However, does mineral makeup give you all the sun protection you need? The experts say no.
It's better than using nothing, but it is recommended by specialists to use a regular cream sunscreen under their makeup and then use the mineral foundations as an extra boost.
Mineral Makeup: Not All Alike
Extra ingredients aside, it may seem as if all mineral makeup should be pretty much the same. But it was discovered that's far from the truth.
As there is no set regulation for what constitutes a "mineral” makeup, any product containing minerals as a primary ingredient can be marketed as such - even if it contains a whole lot of other "less natural" ingredients.
The battle lines between brands are drawn this way: "Mineral makeup formulas generally fall into two large camps - those that take care not to use synthetics (like paraben preservatives and other fillers) and stay true to the original intent of pure mineral makeup, and those that do add the fillers, colors, binders, preservatives, and other chemicals to their formulas.
Although you can discard at least some of these brands by reading the ingredient label, cautions not to let the term "all natural" or "all mineral formula" fool you.
That is because within the brands that claim "pure mineral" formulations, there is still another category breakdown - those that contain an arguably "natural" mineral known as bismuth oxycholoride, and those that do not.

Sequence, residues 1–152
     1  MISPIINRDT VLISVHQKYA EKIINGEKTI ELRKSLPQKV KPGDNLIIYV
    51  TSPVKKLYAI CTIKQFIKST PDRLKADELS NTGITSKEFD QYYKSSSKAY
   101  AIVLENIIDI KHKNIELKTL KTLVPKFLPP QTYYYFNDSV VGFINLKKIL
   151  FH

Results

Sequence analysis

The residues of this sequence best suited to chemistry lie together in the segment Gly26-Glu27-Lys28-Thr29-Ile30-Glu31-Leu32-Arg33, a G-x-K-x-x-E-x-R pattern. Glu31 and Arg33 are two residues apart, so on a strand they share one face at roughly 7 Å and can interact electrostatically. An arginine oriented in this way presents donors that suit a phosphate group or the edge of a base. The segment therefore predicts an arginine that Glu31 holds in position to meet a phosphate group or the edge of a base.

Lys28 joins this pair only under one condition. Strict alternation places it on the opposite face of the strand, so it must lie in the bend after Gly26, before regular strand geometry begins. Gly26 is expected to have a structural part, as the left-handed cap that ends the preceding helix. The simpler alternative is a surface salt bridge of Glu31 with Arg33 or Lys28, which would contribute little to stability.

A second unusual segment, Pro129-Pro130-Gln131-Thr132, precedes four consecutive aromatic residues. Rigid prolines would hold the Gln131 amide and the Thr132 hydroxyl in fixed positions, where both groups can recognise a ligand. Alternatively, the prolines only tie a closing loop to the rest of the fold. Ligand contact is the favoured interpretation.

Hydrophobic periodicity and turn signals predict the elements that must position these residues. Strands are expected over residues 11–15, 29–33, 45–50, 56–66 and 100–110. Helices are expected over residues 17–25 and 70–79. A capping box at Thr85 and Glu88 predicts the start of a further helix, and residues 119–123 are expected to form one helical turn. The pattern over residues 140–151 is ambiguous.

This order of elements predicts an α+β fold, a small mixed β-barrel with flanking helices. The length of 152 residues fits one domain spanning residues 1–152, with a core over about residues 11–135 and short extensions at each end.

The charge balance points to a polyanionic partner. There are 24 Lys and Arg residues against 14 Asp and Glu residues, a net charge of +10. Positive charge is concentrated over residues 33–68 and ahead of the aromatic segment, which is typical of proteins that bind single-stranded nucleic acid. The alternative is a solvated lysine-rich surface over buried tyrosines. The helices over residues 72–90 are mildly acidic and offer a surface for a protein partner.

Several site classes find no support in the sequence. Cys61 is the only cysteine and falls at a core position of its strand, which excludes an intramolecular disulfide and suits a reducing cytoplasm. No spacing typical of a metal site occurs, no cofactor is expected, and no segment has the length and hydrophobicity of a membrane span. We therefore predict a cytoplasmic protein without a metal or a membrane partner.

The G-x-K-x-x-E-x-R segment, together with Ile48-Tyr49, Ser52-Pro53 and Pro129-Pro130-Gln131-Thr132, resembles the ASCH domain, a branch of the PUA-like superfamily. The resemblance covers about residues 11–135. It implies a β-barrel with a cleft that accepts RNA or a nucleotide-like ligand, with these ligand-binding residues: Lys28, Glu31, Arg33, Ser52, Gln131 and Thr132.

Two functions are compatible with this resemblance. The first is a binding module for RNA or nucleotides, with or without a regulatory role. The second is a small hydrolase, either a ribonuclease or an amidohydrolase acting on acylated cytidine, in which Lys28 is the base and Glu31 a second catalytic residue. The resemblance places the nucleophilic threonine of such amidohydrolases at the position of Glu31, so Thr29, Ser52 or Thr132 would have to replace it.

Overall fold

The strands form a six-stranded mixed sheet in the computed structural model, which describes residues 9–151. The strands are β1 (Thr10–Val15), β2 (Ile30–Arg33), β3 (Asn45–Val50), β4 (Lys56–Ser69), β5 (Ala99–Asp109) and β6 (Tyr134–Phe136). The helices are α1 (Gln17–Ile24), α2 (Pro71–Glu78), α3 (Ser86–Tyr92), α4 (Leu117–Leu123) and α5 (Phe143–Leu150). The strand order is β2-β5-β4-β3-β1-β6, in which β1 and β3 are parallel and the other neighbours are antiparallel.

A paralyzing agent that gives mineral makeup that "candlelight glow," bismuth oxychloride is a mineral, but it's not found in the earth. Bismuth appears to be a byproduct of copper and lead processing. Besides, Bismuth oxychloride is frequently used to fill or "bulk up" or bind products.
Bismuth oxychloride is thought-out as a skin irritant and can cause itching and rashes and in large amounts it can cause cystic acne as well – it's one of the ingredients you should try to avoid if you have acne or rosacea or sensitive skin.
Some products also contain very little, so it doesn't act like an irritant, but you won't know until you try it.
Mineral Makeup: Buyer Beware
One of the factors that makes mineral makeup so popular is the smooth, natural, long-lasting coverage - a feat that's some companies accomplish by pulverizing or "micronizing" their minerals into microscopic or even nanoparticle size.
Some researchers say this activity may come with a price.
Research shows that when some molecules are dramatically reduced in size to the level of a nanoparticle, they can have very different and very toxic properties than that same molecule would have in its conventional size.
Minerals like zinc and titanium are safe when applied to healthy skin but in a micronized nanoparticle form, there remains a concern, particularly when applied to damaged skin, or when inhaled.
Even when beauty comes from the earth, it's still a case of beauty buyer beware.